Britain Alone: The Path from Suez to Brexit

Philip Stephens. Faber & Faber, $20.95 (480p) ISBN 978-0-571-34177-1
A diminished U.K. has been too standoffish toward Europe and too subservient to the U.S., argues this probing study of post-WWII British foreign policy. Financial Times journalist Stephens (Politics and the Pound) explores Britain’s uneasy, decades-long adjustment to the loss of its empire and global power, exemplified by the 1956 Suez Canal crisis, during which the British military, along with French and Israeli forces, tried to reoccupy the canal after Egypt nationalized it; the Brits retreated when a disapproving President Eisenhower cut off financing and oil. In response, Britain shored up its “special relationship” with the U.S., which led to Margaret Thatcher’s cooperation with Ronald Reagan’s anti-communist policies and Tony Blair’s ill-advised participation in the Iraq War, while also seeking to re-energize the country’s economy and geopolitical clout by joining the European Union, a project that was undermined by nationalist and imperial nostalgia. Delivering a caustic brief against Brexit, Stephens argues that the vote was rooted in “insecurity” and “dog-whistle racism” and will leave Britain economically weaker and “marooned.” Buttressed by Stephens’s firm grasp of parliamentary politics and elegant prose, this erudite yet accessible history uncovers the agonizing trade-offs that flow from simplistic economic and political nostrums. Photos. Agent: Sarah Chalfant, the Wylie Agency. (Sept.)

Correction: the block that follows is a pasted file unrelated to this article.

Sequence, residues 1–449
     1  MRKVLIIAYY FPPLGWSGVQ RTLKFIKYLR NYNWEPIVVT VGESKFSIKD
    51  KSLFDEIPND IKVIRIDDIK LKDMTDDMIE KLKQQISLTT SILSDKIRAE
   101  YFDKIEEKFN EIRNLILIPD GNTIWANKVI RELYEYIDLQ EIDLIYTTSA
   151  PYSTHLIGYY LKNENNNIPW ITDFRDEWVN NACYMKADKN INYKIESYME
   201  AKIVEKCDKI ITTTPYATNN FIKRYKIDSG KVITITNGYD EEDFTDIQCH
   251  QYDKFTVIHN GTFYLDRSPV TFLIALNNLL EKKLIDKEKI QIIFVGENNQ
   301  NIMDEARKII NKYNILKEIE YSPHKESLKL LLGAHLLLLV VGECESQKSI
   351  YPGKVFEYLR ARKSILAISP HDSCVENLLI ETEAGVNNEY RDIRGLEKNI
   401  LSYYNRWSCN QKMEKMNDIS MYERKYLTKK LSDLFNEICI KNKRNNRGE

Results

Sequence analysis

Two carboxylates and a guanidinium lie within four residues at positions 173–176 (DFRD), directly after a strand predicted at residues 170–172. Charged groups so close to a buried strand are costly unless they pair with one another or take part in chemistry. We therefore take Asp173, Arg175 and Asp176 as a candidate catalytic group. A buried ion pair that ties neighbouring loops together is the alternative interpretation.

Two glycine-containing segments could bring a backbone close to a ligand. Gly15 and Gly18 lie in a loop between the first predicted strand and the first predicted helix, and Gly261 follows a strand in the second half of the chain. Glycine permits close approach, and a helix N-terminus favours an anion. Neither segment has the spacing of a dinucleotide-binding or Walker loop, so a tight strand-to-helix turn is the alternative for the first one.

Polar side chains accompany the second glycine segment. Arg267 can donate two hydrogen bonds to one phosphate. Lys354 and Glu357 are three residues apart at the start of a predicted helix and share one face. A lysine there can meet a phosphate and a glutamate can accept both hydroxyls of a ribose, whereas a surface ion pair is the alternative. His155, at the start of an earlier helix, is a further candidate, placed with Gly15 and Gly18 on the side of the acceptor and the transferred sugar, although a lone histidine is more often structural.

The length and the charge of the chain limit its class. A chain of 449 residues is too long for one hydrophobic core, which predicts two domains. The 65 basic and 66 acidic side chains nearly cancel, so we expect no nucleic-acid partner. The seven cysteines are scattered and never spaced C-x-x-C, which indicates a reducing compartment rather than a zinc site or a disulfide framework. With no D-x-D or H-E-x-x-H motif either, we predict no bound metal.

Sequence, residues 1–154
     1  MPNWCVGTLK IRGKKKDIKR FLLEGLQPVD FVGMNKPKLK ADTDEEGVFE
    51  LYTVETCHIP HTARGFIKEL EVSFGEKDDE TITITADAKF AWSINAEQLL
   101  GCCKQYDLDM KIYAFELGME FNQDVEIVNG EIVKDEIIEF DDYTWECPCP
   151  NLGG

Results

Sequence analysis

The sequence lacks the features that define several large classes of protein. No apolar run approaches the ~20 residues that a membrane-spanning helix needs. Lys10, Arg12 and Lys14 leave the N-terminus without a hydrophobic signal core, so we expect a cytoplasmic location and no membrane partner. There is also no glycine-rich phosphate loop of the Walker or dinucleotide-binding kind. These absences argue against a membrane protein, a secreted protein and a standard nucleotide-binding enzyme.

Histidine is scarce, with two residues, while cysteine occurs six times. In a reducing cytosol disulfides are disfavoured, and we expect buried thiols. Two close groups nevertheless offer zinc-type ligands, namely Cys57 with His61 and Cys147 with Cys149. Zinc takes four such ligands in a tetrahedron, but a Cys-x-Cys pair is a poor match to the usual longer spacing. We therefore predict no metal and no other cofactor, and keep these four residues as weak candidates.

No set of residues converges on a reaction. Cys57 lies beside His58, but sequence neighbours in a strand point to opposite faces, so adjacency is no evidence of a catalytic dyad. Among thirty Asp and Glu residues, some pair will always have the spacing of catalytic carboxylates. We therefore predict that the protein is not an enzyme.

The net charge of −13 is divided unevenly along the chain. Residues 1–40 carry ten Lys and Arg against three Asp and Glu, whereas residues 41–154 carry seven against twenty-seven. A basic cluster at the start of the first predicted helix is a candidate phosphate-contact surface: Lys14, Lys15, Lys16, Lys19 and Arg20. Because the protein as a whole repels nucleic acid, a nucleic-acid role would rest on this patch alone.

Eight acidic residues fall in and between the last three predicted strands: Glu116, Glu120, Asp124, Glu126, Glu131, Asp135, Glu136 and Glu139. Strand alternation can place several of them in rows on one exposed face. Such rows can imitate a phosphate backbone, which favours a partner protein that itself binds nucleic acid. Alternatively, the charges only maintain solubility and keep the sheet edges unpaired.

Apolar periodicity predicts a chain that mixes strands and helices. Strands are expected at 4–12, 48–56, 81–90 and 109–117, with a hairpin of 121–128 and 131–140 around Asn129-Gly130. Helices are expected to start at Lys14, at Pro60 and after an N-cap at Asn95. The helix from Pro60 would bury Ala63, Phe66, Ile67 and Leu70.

Reviewed on : 07/20/2021
Release date: 00/00/0000
Genre: Nonfiction
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